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Does 7-Zip take advantage of multiprocessor or multi-core systems when compressing?

For example, would there be a close to 16 times speed-up on a 16 core system assuming no disk or memory bottlenecks?

Or is it is limited to 2 threads (2 times speed-up on systems with more than one CPU or core)?


Edit: To summarise: the current stable version of 7-Zip (and older) does not take full advantage of more than 2 CPU/cores when compressing as 7z (only for Zip and BZip2), but version 9 (currently in beta) does. The command-line option for using 16 cores with version 9 is (this is in the installation folder for the Windows version, in the help file, 7-zip.chm, Command Line Version/Switches/-m (Set compression Method)/<near> "Sets multithread mode"):

-mt16
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I don't think the summary is quite accurate, see some of the other answers for more details... –  rogerdpack Dec 10 '12 at 16:23
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3 Answers

up vote 6 down vote accepted

You have to use the beta version to get access for more cores. Beta is like stable at other softwares, don't worry about it. There was an explanation in a forum post on the official site. I'm using it for a while already, and there is no problem with it.

First

Second

By the way I'm using 7z 9.13 beta x64 at the minute. Using it on productive environments also, awesomeness. (Thanks Igor for the great software. ;))

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Since then, a new stable version came out, which supports multi-threaded compression by default, no need for the beta release. –  Shiki Jan 8 '12 at 22:41
    
That's not correct. It can use 4, 8, and more cores. Just use the latest version. Gosh. –  Shiki Jan 10 '12 at 20:08
    
See:noob.hu/2012/01/10/7z.png –  Shiki Jan 10 '12 at 20:09
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Note that this answer uses LZMA2 and not LZMA. LZMA2 can use more than two cores by splitting the file into chunks and independently processing them. This can result in LZMA offering higher compression ratios. –  Louis Nov 5 '12 at 8:22
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While creating a 7-Zip file it can use two threads, while creating a ZIP file it can use eight threads (on my eight-core machine).

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You can use 7z with LZMA2 method to use maximum cores –  ray pixar Jun 16 '13 at 13:29
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According to the Wikipedia article:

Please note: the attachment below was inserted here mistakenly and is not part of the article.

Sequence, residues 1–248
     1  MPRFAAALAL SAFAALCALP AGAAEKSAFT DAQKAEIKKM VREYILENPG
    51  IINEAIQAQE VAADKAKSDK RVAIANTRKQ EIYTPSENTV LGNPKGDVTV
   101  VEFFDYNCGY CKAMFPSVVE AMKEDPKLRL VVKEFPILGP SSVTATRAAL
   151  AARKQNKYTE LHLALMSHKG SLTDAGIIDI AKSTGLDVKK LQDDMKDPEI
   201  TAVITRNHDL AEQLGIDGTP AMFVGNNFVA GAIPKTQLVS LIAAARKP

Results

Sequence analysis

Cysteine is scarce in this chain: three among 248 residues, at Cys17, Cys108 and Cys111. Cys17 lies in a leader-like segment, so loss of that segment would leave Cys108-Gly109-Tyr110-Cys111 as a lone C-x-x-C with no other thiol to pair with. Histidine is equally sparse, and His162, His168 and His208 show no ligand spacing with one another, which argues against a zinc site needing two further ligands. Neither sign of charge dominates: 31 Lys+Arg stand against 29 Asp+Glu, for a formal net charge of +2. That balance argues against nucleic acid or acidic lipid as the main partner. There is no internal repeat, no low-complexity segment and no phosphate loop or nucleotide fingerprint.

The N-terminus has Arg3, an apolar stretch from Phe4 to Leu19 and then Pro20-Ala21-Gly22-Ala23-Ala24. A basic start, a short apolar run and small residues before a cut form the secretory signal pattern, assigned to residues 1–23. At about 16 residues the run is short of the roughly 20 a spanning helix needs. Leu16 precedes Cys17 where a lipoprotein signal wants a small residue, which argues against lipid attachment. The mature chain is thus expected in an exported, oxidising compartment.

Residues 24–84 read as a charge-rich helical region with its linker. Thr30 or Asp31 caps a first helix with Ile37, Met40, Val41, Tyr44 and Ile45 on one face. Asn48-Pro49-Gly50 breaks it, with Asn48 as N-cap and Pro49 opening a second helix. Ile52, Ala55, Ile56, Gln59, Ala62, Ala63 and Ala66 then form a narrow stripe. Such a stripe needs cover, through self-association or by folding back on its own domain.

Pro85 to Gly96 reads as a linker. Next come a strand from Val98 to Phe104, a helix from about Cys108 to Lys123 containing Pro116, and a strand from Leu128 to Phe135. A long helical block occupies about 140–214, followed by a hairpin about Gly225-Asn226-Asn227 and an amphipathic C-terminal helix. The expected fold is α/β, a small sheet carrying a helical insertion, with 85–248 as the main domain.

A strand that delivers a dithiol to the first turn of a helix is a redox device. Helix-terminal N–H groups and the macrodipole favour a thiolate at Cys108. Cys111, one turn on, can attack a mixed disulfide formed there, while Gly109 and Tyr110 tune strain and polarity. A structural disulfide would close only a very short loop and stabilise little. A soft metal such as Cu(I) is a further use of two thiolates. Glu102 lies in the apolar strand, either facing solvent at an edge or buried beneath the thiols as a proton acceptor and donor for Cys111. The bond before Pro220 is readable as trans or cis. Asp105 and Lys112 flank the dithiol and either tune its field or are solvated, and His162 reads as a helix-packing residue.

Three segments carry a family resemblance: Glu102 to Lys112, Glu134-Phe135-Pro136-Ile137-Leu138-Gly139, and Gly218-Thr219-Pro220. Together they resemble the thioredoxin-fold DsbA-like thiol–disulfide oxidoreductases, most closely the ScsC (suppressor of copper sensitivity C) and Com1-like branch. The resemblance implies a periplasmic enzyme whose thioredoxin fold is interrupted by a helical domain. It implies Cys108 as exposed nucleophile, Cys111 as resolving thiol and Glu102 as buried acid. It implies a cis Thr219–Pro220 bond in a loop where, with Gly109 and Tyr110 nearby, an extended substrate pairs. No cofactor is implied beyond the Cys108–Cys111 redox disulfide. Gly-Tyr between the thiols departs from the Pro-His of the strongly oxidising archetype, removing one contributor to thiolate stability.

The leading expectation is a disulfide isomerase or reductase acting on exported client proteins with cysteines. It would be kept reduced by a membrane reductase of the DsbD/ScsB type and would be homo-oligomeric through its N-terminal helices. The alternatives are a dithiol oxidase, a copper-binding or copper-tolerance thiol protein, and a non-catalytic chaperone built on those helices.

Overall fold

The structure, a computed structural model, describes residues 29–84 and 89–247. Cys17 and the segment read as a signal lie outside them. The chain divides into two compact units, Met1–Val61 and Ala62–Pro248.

Features 7-Zip supports many features, including:

  1. Support for the 256-bit AES cipher. Encryption can be enabled for both files and the 7z directory structure. When the directory structure is encrypted, users are required to supply a password to see the filenames contained within the archive, unless only the data was encrypted but not the filenames. WinZip-developed AES encryption standard is also available in 7-Zip to encrypt ZIP archives with AES 256-bit, but it doesn't offer filename encryption as in 7z archives.
  2. Volumes of dynamically variable sizes, allowing use for backups on removable media such as writable CDs and DVDs.
  3. Usability as a basic orthodox file manager when used in 2-panel mode.
  4. Multiple CPU / core / threading settings can be configured.
  5. The ability to attempt to open EXE files as archives, allowing the decompression of data from inside many "SetUp" or "Installer" or "Extract" type programs without having to launch them.
  6. The ability to unpack archives with corrupted filenames, renaming the files as required. The ability to create self-extracting archives although cannot do so for multi-volume archives.

So open up the application and see what multi-threading is supported.

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I think it is more helpful than the unlock password protected PDF file answer. –  ta.speot.is May 17 '10 at 10:23
    
Flagged that already. Makes no sense at all here. (Or am I the lost lamb here? oO) –  Shiki May 17 '10 at 10:34
    
I have flagged it to. I could edit it to blankness but I can't delete the actual post, so I'm leaving it alone. –  ta.speot.is May 17 '10 at 10:39
    
if there's something truly offensive or abusive, feel free to edit it out of a post (replace with [this content deleted because blah] or something), but in this case flagging as spam and leaving it for moderators was the right thing to do, thanks. –  quack quixote May 17 '10 at 20:02
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re: RTFM. be nice. posting quotes (from a Wikipedia article or product documentation) that clarify a situation is good. chiding the user for not reading is RUDE AND UNNECESSARY. i'm editing your post to remove such; in the future, please leave such comments out. –  quack quixote May 17 '10 at 20:05
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